Brian Collier’s photo, sound and video installation was based on a desire for his own physical experience with nature along Highway 74, where he commuted an hour each way from Normal to Champaign. Entitled The Highway Expedition, Collier walked the length of the entire commute in sections over the course of 27 days, learning about and documenting the plants and animals that miraculously survive in habitats along the highway. The act of getting out of the car to observe that which is invisible while in the car, opened up an entirely new world for him which he shares through the display of plant specimens and photographs. Without being pedantic, his work makes a strong point about taking time to notice the things that surround us everyday, and he even provides a packet of flower seeds for people to throw out their car windows while driving along the highway.

Nisa Blackmon’s ZooBotanical Speciman ExhibiStore also included the display of plant specimens, however, rather than natural specimens they were Blackmon’s own creations made with fake plastic flowers that she dissected and rejoined into splendidly fantastic mutations. Blackmon’s background in plant biology allowed her to convincingly simulate the various methods that plants are studied and collected. A light table with glass slides and Petri dishes show microscopic sections of the faux plants, while Riker mounts, and jars with alcohol hold others. All of this is for sale, as a comment upon the gift shops one finds in museums with “authentic replicas” of valuable “treasures” but also, according to the artist, how jewelry is omnipresent in these same gift shops. Blackmon’s interest in metals and jewelry-making collides with her interest in plant biology in this installation when she inserts delicate metal silhouettes of plant sections in the Riker mounts, acting as placeholders for the originals. Similarly, her plant slides double as earrings, necklaces and bracelets that can be worn by the viewer. I find the commodification of museum collections to be the strongest statement in this work as it questions the responsibility of the archive in the face of rampant commercialization and institutional need for funds to maintain and grow such collections.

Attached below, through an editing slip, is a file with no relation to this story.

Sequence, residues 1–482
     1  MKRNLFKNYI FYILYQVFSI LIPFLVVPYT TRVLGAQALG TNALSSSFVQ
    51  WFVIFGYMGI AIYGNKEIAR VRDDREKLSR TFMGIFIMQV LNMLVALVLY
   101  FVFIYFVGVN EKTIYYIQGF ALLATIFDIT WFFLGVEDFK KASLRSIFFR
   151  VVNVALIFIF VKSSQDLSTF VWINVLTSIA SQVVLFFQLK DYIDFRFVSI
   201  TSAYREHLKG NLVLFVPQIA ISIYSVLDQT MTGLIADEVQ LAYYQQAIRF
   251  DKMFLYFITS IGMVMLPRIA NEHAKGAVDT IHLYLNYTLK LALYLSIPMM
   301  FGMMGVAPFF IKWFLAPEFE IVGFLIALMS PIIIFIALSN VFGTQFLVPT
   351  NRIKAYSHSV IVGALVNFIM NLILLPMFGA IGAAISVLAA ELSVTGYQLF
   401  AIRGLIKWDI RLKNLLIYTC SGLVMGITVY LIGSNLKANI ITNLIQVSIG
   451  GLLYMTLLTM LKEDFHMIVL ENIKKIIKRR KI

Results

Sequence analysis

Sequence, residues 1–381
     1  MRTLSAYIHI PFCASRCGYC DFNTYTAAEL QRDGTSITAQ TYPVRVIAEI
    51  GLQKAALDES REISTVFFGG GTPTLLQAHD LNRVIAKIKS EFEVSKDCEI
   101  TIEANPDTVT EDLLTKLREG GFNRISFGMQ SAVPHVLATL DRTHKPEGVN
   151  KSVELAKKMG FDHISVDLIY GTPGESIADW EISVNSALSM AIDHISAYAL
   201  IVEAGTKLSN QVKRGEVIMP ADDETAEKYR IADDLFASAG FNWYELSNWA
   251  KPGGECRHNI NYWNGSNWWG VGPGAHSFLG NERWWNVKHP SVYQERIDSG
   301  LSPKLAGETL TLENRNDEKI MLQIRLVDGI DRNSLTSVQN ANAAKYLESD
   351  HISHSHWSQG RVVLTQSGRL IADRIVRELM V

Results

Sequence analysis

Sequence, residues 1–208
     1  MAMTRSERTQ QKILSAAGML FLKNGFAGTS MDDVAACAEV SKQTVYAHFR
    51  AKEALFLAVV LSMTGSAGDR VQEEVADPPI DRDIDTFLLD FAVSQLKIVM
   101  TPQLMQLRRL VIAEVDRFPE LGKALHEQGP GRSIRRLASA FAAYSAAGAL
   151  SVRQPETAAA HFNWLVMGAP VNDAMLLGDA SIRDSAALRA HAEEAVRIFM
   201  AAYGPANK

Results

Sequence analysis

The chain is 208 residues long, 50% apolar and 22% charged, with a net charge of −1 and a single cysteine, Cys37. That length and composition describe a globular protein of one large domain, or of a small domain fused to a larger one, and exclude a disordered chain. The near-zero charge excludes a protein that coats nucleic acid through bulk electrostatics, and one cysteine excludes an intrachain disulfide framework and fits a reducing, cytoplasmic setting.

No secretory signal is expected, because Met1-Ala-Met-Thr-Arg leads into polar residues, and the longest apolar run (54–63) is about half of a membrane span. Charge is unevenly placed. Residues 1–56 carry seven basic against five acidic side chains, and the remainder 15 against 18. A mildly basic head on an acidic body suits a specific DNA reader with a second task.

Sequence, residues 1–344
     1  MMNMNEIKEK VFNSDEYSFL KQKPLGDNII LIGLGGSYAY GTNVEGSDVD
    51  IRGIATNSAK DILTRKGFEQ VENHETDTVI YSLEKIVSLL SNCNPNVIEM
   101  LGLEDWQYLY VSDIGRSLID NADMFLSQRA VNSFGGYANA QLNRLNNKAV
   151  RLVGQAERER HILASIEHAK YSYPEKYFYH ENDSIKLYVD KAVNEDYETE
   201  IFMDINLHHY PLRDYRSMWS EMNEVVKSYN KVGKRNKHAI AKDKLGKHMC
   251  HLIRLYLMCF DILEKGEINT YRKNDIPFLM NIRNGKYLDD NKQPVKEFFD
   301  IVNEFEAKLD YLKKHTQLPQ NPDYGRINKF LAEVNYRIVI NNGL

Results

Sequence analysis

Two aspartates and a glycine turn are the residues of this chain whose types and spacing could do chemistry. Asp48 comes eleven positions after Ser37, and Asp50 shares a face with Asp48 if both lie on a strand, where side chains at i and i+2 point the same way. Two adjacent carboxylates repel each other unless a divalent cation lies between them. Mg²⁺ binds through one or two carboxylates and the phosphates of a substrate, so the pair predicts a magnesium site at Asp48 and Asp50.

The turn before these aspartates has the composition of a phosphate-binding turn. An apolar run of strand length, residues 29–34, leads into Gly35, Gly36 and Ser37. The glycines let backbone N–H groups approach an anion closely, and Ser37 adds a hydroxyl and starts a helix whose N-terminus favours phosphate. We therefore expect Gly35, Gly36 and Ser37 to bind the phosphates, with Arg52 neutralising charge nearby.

Like Brian Collier, Rick Valentin went for a walk. In the lineage of Richard Long’s long walks or other process-based endurance pieces, Valentin walked around his block once an hour for 24 hours straight, videotaping the excursion from his viewpoint. An exercise in mapping himself—within his town, state, country, planet, and also through the time of an entire day—the repetition of the same action highlights the slight differences of his movements and the choices he makes, but also evokes a sort of Groundhog Day (the movie) effect that one might extrapolate to the routine of our daily lives. The videos of each hour were projected in sequence in a horizontal row on the top edge of a large cube, creating an endless loop of day and night; yet other people are conspicuously absent, creating a feeling of suburban isolation. Valentin’s other works also suggest an absence of the body. His Message for the Future 01-09, made of six squares of etched black granite, was inspired by the Rosetta Stone, but also resembles tombstones. Instead of memorializing someone who has passed, however, they are tombstones of today with eulogies hand written for cars, drugs, religion, food, money, computers, politics, sex, and weapons. Valentin’s other project uses a dot matrix printer connected to an RSS feed to list the top two news words per hour. The resulting print-out has the appearance of a concrete poetry piece, with a virtual author. The day I visited the top words were Baghdad and Gonzalez, which pretty much summed everything up.